We study the Braess paradox in the transport network as originally proposed by Braess with totally asymmetric exclusion processes (TASEPs) on the edges. The Braess paradox describes the counterintuitive situation in which adding an edge to a road network leads to a user optimum with higher travel times for all network users. Travel times on the TASEPs are nonlinear in the density, and jammed states can occur due to the microscopic exclusion principle, leading to a more realistic description of trafficlike transport on the network than in previously studied linear macroscopic mathematical models. Read More

**Affiliations:**

^{1}Istituto di Scienza e Tecnologie dell'Informazione "A. Faedo", Consiglio Nazionale delle Ricerche,

^{2}Istituto di Scienza e Tecnologie dell'Informazione "A. Faedo", Consiglio Nazionale delle Ricerche

The emerging field of Nominal Computation Theory is concerned with the theory of Nominal Sets and its applications to Computer Science. We investigate here the impact of nominal sets on the definition of Cellular Automata and on their computational capabilities, with a special focus on the emergent behavioural properties of this new model and their significance in the context of computation-oriented interpretations of physical phenomena. A preliminary investigation of the relations between Nominal Cellular Automata and Wolfram's Elementary Cellular Automata is also carried out. Read More

A master equation approach is applied to a reversible and conservative cellular automata model (Q2R). The Q2R model is a dynamical variation of the Ising model for ferromagnetism that possesses quite a rich and complex dynamics. The configurational space is composed by a huge number of cycles with exponentially long periods. Read More

The original local, discrete example of Linear Unitary Cellular Automata (LUCA) is analyzed in terms of a new representation previously introduced in [1] for classical CA. Several important underlying symmetries are reviewed and their tight relationship with both signal and coding theory as well as with combinatorics is underlined. A class of analog implementations in the form of Linear Transmission Line Networks (LTLN) is described as possible emulators of this type of dynamics. Read More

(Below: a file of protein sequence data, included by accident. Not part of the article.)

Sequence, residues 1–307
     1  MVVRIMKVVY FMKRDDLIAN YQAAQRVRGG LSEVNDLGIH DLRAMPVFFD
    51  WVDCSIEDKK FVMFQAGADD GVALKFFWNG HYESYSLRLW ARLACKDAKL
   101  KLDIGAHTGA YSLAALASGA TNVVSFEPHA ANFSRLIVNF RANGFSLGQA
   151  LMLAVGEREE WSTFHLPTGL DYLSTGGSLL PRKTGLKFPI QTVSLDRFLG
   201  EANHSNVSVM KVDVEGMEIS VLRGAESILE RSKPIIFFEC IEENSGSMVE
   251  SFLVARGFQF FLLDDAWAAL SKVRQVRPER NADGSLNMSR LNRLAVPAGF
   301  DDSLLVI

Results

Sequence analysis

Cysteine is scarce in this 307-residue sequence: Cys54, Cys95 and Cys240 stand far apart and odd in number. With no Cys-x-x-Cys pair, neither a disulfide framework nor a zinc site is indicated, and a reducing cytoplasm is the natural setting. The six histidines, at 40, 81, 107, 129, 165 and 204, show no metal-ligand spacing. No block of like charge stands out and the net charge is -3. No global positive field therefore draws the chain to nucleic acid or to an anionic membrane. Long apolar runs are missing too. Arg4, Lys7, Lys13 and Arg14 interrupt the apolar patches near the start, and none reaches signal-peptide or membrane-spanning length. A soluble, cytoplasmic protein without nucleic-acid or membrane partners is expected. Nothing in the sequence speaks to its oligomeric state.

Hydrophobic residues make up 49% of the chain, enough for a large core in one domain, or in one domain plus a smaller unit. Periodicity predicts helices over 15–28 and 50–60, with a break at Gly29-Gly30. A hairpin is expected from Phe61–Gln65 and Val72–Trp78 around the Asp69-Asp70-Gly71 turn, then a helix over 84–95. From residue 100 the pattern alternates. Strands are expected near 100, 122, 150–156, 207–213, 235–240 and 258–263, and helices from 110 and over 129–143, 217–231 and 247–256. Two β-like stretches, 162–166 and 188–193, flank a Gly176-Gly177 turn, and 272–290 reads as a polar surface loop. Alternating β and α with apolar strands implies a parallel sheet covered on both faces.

**Authors:**Tatsuaki Okamoto

One of the most fundamental problems in science is to define {\it quantitatively} the complexity of organized matters, i.e., {\it organized complexity}. Read More

The purpose of the present study is to search one-dimensional Cellular Automata (CA) rules which will solve the density classification task (DCT) perfectly. The mathematical analysis of number conserving functions over binary strings of length n gives an indication of its corresponding number conserving cellular automata rules (either uniform or non-uniform). The state transition diagrams (STDs) of number conserving CA rules have been analyzed where it has been found that these STDs can generate different DCT solutions. Read More

Periodically-driven quantum systems can exhibit topologically non-trivial behaviour, even when their quasi-energy bands have zero Chern numbers. Much work has been conducted on non-interacting quantum-mechanical models where this kind of behaviour is present. However, the inclusion of interactions in out-of-equilibrium quantum systems can prove to be quite challenging. Read More

One successful model of interacting biological systems is the Boolean network. The dynamics of a Boolean network, controlled with Boolean functions, is usually considered to be a Markovian (memory-less) process. However, both self organizing features of biological phenomena and their intelligent nature should raise some doubt about ignoring the history of their time evolution. Read More

Cellular automata (CAs) are dynamic frameworks which exhibit complex global behavior from simple local interaction and computation. Since the inception of CA by von Neumann in $1950$s, it has attracted the attention of several researchers over various backgrounds and fields for modeling different physical, natural as well as real-life phenomena. Classically, CAs are uniform. Read More

Open-ended evolution (OEE) is relevant to a variety of biological, artificial and technological systems, but has been challenging to reproduce in silico. Most theoretical efforts focus on key aspects of open-ended evolution as it appears in biology. We recast the problem as a more general one in dynamical systems theory, providing simple criteria for open-ended evolution based on two hallmark features: unbounded evolution and innovation. Read More

An interesting problem in extended physical systems is that of the regional control, i.e., how to add a suitable control at the boundary or inside a region of interest so that the state of such region is near to a desired one. Read More

In this paper, we construct a weakly universal cellular automaton on the tessellation $\{8,3\}$ which is not rotation invariant but which is truly planar. Read More

One of the simplest multilevel cellular automata - the hodgepodge machine - was modified to best match the chemical trajectory observed in the Belousov-Zhabotinsky reaction. Noise introduces watersheding of the central regular pattern into the circular target pattern. This article analyzes influences of the neighborhood and internal excitation kinds of noise. Read More

We present a spectral representation of any computation performed by a Cellular Automaton (CA) of arbitrary topology and dimensionality via an appropriate coding scheme in Fourier space that can be implemented in an analog machine ideally circumventing part of the overall waste heat production. We explore further consequences of this encoding and we provide a simple example based on the Game-of-Life where we find global maps for small lattices indicating an interesting underlying recursive structure. Read More